Unconditional Positive Regard
In the development of the self-concept, Rogers elevated the importance of unconditional positive regard, or unconditional love. Personality Development and the Self-Concept.(1)

Rogers based his theories of personality development on humanistic psychology and theories of subjective experience. He believed that everyone exists in a constantly changing world of experiences that they are at the center of. A person reacts to changes in their phenomenal field, which includes external objects and people as well as internal thoughts and emotions.(1)

Rogers believed that all behavior is motivated by self-actualizing tendencies, which drive a person to achieve at their highest level. As a result of their interactions with the environment and others, an individual forms a structure of the self or self-concept—an organized, fluid, conceptual pattern of concepts and values related to the self. If a person has a positive self-concept, they tend to feel good about who they are and often see the world as a safe and positive place. If they have a negative self-concept, they may feel unhappy with who they are.(1)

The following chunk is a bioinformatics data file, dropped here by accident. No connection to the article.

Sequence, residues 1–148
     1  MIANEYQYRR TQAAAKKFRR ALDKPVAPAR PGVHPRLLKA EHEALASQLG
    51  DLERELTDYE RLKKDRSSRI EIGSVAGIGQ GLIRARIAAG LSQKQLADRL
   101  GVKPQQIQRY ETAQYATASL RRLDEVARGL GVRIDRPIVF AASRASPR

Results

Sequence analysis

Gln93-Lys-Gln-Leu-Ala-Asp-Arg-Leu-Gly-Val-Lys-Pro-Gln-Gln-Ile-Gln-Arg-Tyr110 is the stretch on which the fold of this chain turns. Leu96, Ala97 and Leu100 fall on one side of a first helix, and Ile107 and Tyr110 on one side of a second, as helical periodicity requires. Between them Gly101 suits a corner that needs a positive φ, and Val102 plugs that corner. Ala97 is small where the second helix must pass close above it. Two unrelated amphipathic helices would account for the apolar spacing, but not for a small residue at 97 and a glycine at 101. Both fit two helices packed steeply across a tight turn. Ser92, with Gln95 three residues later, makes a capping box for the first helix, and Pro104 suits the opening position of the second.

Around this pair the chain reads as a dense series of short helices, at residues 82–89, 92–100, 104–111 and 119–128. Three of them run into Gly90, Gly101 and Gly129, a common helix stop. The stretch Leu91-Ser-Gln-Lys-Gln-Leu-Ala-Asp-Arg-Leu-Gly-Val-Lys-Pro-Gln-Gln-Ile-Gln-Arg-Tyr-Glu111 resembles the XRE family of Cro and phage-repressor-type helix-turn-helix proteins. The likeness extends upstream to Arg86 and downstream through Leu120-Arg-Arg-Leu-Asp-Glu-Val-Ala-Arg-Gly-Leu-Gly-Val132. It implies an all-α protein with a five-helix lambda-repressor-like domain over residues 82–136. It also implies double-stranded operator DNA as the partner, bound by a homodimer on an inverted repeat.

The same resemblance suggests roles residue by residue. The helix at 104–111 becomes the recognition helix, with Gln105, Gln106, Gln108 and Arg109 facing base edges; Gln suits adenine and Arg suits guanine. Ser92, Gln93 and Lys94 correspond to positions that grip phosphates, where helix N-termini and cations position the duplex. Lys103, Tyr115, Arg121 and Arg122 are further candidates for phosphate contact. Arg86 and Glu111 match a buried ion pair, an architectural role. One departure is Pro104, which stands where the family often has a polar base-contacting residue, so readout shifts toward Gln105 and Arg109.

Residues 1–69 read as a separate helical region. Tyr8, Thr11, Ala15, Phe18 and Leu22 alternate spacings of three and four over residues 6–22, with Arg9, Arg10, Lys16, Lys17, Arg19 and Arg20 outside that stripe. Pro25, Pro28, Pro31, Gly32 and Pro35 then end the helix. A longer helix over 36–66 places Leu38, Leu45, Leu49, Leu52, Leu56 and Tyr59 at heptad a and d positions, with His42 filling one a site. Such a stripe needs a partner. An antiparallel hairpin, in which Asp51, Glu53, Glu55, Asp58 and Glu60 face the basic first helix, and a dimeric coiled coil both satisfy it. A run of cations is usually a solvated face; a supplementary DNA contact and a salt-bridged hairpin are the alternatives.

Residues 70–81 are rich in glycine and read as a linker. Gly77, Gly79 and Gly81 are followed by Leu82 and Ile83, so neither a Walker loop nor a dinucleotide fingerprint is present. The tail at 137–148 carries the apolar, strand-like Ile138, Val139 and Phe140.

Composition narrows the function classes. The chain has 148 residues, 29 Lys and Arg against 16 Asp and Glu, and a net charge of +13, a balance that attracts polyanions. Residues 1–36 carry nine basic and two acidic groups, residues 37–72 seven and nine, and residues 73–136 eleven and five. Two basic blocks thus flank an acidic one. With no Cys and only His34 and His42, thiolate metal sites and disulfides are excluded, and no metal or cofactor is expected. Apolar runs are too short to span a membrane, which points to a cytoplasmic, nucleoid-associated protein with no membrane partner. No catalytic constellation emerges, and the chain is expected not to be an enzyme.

“The Good Life”
Rogers described life in terms of principles rather than stages of development. These principles exist in fluid processes rather than static states. He claimed that a fully functioning person would continually aim to fulfill his or her potential in each of these processes, achieving what he called “the good life.” These people would allow personality and self-concept to emanate from experience. He found that fully functioning individuals had several traits or tendencies in common